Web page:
In the 1980s researchers argued that the discoloration was caused by something that degraded the cellulose. This peer-reviewed paper shows that this theory is still considered.
A new theory is that the discoloration doesn’t come from the cellulose but from starch and sugars coating the cell-fibers at the surface of the cloth.
The research in this paper supports the theory that starch and sugars on the two surfaces of the cloth are responsible for the body image.
Side View of Cloth
I could not see the image on the “Non visible side” even though it was computer enhanced. This diagram shows that the threads in the cloth are 0.25 mm, which means they consist of about 100 cell-fibers.
Translator of Greek
Another famous image of Jesus is the Image of Edessa, which disappeared from history in the 13th century. There is a lot of evidence that the Image of Edessa and the Shroud of Turin are one and the same.
Edessa was an independent kingdom from 163 BC to 242 AD, and was the first kingdom to convert to Christianity. Moslems conquered Edessa in 639 AD. On August 15, 944 AD, after protracted negotiations with Byzantium, the Image of Edessa was transferred to Constantinople. This 11th century illustration shows the Image of Edessa being given to the Emperor of Byzantium.
siege of Edessa
This is the first historical reference to the Image of Edessa. Edessa was actually evangelized in the late 2nd century. That Jesus communicated with the King of Edessa (King Abgar V) in the 1st century is just a legend.
King Abgar V
This is a 10th century painting of King Abgar V getting the Image of Edessa.
This quotation indicates that the Image of Edessa was considered to be a painting in the 3rd and 4th centuries.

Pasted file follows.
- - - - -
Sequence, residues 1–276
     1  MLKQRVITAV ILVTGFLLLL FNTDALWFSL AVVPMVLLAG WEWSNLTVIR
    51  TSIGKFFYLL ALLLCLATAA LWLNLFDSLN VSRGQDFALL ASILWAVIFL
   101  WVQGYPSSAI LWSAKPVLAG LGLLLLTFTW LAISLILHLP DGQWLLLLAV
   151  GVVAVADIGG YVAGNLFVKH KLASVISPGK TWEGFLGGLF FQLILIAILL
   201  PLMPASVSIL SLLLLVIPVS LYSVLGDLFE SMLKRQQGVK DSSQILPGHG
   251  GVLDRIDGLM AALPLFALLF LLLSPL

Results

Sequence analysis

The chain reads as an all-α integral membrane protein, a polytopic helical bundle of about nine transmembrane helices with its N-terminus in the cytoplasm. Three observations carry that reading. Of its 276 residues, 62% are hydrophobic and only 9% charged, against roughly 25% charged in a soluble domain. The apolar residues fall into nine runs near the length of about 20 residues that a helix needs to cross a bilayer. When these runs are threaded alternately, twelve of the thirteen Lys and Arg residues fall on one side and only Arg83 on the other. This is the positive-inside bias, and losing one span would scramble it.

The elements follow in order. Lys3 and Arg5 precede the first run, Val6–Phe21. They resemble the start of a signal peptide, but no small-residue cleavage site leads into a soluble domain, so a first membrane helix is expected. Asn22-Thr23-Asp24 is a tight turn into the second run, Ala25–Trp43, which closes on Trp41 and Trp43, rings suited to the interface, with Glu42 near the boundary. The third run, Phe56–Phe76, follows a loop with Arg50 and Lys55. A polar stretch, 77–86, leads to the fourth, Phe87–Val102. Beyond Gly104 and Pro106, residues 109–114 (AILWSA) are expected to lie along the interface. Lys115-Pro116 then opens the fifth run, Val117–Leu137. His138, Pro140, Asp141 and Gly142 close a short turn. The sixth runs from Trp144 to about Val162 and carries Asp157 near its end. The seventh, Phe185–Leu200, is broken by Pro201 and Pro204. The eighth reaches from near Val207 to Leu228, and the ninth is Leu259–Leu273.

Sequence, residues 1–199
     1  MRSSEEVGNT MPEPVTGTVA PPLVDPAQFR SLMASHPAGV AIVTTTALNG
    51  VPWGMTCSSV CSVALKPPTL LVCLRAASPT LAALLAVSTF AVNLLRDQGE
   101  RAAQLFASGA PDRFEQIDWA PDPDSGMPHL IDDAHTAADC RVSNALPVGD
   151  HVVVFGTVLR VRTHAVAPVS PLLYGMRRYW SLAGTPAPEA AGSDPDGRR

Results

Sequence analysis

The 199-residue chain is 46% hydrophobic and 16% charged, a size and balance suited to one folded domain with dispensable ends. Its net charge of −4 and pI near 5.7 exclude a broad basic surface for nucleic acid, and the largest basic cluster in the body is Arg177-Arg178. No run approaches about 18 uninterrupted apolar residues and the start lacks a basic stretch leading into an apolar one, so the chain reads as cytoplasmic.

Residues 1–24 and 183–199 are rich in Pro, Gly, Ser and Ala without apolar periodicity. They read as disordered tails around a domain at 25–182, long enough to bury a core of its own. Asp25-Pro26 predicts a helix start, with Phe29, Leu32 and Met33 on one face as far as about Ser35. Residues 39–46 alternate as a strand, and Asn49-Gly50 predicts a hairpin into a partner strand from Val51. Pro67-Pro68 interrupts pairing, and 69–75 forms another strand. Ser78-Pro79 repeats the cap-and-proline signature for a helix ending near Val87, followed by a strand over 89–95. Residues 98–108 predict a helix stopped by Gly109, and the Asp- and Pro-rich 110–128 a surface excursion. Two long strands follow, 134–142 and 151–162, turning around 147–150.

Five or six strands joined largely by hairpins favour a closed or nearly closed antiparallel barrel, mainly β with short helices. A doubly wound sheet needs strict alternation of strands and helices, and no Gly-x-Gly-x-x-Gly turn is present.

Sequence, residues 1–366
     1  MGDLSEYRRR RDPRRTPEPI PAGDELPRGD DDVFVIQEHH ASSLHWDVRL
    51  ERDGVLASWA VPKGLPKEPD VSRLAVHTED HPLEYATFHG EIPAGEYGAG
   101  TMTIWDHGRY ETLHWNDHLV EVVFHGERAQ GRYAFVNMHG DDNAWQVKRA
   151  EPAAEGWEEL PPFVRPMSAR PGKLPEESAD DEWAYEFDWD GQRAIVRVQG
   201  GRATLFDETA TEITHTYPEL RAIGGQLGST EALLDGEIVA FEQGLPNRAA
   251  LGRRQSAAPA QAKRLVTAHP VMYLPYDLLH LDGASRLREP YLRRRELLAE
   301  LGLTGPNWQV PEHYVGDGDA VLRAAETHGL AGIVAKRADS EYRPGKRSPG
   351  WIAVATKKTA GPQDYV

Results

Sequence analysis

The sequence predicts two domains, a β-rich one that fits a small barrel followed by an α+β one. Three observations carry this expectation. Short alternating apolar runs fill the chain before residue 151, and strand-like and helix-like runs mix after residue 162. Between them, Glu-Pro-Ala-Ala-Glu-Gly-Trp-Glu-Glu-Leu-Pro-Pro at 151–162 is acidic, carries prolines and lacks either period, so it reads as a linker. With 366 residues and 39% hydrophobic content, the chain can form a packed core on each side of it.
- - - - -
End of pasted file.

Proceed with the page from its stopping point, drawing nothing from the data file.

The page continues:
This quotation pushes the possible date of the Image of Edessa into the 2nd century.
immorality of Gnostics
Gnostics thought you got to Heaven, not by being good, but by being bad. Gnostics may have been capable of crucifying someone in the 1st or 2nd century in order to create an imprint of his body. If so, the technique and skills they used to do this have been lost to history.
There is evidence that there were a lot of Gnostics in Edessa in the 2nd and 3rd centuries.
Bust of Christ
This is a painting from the Catacomb of Commodilla in Rome, 350 AD. It shows a bearded long-haired Jesus, just like the Image of Edessa and the Holy Shroud.
This is from a painting in the Tomb of the Aurelii in Rome, 250 AD. According to Robert Drews (In Search of the Shroud of Turin: New Light on its History and Origins), “It is not known that the Aurelii were Gnostics, but they do seem to have been a para-Christian family, and in the first half of the third century there were a good many Gnostics in Rome.”
The conflict about the authenticity of the Holy Shroud is another instance of the conflict about science and religion. In my opinion, this conflict is caused by a lack of understanding of the mind-body problem. The highly intelligent author of the above quote has a blind spot because he only grasps two solutions: materialism and dualism. There is no evidence supporting these solutions. Conflict, anxiety, inhibition, and bias prevent the author from grasping the solution supported by the evidence and judged to be true by rational people: It is a mystery. One way of expressing this is to say: Humans are embodied spirits.